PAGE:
Bright Futures Bill Limits Educational Freedoms

+Alondra+Arce%2C+20%2C+a+UF+sustainability+sophomore%2C+paints+a+mural+that+says+%22Save+Our+Bright+Futures%22+on+Sunday%2C+March+7%2C+2021.+Arce+recruited+student+volunteers+to+help+her+create+the+mural+along+34th+Street+in+Gainesville+to+raise+awareness+about+Senate+Bill+86%2C+which+would+limit+some+students%27+access+to+state+funding+for+college+if+passed.%0A

Julia Cooper

Alondra Arce, 20, a UF sustainability sophomore, paints a mural that says “Save Our Bright Futures” on Sunday, March 7, 2021. Arce recruited student volunteers to help her create the mural along 34th Street in Gainesville to raise awareness about Senate Bill 86, which would limit some students’ access to state funding for college if passed.

Mickenzie Hannon, Reporter

Senate Bill 86, which proposes limitations to the Bright Futures scholarship program, insults the freedoms Florida students have of pursuing higher education. The proposed legislation also enables unfair thinking from lawmakers and disproportionately affects lower-income students. In short, it hurts Florida’s own.

As a current dual enrollment student preparing to pursue an education at a four-year institution, I partially rely on Bright Futures to fund the extreme expenses, like tuition costs. The Bright Futures scholarships offer many students, like me, financial stability without experiencing an enormous financial burden while pursuing an education.

Many Florida students, parents, and educators did not take the initial changes in S.B. 86 lightly. After facing widespread backlash, Sen. Dennis Baxley (R-Ocala), who proposed S.B. 86 on Feb. 23, removed many of the initial proposed changes to the scholarship program on Mar. 22. Changes included the “reduction of a Bright Futures or Benacquisto Scholarship award amount tied to student enrollment in a certificate or degree program on a list created by the state Board of Governors, State Board of Education or Independent Colleges and Universities of Florida; the reduction in the total number of credits in a Bright Futures award by the number of acceleration credits applied; the provision relating to graduate study for Bright Futures award recipients tied to the certificate and degree list.”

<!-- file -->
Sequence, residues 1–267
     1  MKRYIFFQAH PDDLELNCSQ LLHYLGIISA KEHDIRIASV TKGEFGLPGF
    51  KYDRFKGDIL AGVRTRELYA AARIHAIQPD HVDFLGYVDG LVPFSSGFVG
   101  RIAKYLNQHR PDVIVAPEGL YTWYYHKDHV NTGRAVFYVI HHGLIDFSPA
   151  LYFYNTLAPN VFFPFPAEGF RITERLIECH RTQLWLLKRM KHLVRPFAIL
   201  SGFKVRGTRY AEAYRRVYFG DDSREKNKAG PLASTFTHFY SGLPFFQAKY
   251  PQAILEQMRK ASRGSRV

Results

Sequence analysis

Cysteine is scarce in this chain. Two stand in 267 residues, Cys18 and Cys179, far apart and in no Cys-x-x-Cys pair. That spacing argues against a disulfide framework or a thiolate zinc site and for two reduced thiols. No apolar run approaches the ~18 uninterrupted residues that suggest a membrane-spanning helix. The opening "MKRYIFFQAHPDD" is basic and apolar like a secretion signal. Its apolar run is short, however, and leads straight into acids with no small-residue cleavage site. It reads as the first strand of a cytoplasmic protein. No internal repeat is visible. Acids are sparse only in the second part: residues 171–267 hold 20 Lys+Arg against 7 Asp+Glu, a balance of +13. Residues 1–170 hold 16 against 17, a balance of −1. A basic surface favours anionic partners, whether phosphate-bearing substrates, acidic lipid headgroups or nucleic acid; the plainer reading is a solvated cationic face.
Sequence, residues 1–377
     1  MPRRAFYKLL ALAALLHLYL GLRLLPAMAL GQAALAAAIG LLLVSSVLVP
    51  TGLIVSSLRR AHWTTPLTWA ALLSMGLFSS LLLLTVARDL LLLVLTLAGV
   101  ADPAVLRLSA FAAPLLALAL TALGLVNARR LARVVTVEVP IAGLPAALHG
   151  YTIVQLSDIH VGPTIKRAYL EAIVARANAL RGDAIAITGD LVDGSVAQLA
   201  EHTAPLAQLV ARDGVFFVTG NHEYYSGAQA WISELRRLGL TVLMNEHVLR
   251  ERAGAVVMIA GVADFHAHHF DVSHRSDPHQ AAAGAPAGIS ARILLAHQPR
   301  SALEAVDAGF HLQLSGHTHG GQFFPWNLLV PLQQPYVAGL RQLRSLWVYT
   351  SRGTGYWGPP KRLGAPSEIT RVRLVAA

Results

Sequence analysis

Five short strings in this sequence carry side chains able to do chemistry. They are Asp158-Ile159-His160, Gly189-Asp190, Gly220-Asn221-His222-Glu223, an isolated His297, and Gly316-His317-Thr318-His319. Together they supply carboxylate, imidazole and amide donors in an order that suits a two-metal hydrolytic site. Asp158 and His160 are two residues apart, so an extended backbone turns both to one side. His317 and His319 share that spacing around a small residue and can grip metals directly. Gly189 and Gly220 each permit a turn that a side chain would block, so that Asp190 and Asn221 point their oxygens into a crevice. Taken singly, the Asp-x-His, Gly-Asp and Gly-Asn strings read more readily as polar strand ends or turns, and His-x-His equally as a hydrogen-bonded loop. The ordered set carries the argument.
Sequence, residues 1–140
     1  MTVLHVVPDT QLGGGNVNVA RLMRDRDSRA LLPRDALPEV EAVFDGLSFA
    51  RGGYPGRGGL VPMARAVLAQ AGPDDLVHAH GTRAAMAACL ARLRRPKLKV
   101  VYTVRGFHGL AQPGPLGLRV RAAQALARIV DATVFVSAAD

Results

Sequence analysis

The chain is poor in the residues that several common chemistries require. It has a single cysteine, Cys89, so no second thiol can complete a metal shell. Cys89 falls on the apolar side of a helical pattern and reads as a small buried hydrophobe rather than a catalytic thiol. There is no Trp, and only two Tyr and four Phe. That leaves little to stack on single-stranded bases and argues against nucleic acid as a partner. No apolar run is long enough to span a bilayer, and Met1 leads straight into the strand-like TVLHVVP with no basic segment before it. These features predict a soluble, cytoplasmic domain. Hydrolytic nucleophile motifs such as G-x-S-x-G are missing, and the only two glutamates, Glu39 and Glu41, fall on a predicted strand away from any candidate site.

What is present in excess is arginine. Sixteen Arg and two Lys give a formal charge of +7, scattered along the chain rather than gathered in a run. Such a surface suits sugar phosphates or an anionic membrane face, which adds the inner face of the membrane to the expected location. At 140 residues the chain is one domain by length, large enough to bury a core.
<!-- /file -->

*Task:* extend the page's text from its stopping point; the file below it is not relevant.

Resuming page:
While lawmakers removed many of the concerning amendments, the amounts of the scholarship awards and the source of the scholarship funds will still change if S.B. 86 passes. Currently, Bright Futures students can either receive 75% or 100% of tuition covered at qualifying schools. If S.B. 86 passes, the Florida Legislature will determine award amounts based on the state budget in the annual appropriations process. The source of funding would completely change from the Florida Lottery to Florida’s general fund.

Lawmakers who supported the initial legislation argue the bill would help the economy. Sen. Baxley suggested a change to Bright Futures as a means of helping relieve the strain the pandemic has had on Florida’s economy. To some extent, Bright Futures students who do not complete their degrees are not fulfilling their scholarship awards, which lawmakers, like Sen. Baxley, consider wasteful and adds to Florida’s economic issues.

While some of the intentions behind S.B. 86 are good in addressing the impact COVID-19 has had on Florida’s economy, there are other methods of sustaining Florida’s economy instead of cutting scholarship funding to Florida students. Many students choose to remain in Florida due to Bright Futures, and it is the reason why Florida ranks high in the nation when it comes to higher education.

S.B. 86 would merely restrict the opportunities that Florida students have of pursuing their prospective fields and reduce the incentive to keep bright students in Florida. If lawmakers like Sen. Baxley are concerned for Florida’s economy, then passing S.B. 86 would only cause economic stagnation, as students would leave Florida to pursue an education in other states that do not limit financial aid.

If passed, the changes in S.B. 86 would go into effect on Jul. 1.